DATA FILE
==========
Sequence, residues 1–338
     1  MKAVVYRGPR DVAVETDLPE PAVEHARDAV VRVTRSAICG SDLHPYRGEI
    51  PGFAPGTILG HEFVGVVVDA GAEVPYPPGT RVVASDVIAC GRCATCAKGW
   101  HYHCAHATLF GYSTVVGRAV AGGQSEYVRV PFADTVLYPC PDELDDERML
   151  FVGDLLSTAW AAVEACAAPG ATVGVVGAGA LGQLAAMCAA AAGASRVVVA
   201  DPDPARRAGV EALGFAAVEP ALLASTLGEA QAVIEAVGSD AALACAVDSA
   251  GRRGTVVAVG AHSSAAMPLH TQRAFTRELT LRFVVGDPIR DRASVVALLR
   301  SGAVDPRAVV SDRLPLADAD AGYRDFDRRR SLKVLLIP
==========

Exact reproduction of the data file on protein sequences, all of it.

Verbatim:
Sequence, residues 1–338
     1  MKAVVYRGPR DVAVETDLPE PAVEHARDAV VRVTRSAICG SDLHPYRGEI
    51  PGFAPGTILG HEFVGVVVDA GAEVPYPPGT RVVASDVIAC GRCATCAKGW
   101  HYHCAHATLF GYSTVVGRAV AGGQSEYVRV PFADTVLYPC PDELDDERML
   151  FVGDLLSTAW AAVEACAAPG ATVGVVGAGA LGQLAAMCAA AAGASRVVVA
   201  DPDPARRAGV EALGFAAVEP ALLASTLGEA QAVIEAVGSD AALACAVDSA
   251  GRRGTVVAVG AHSSAAMPLH TQRAFTRELT LRFVVGDPIR DRASVVALLR
   301  SGAVDPRAVV SDRLPLADAD AGYRDFDRRR SLKVLLIP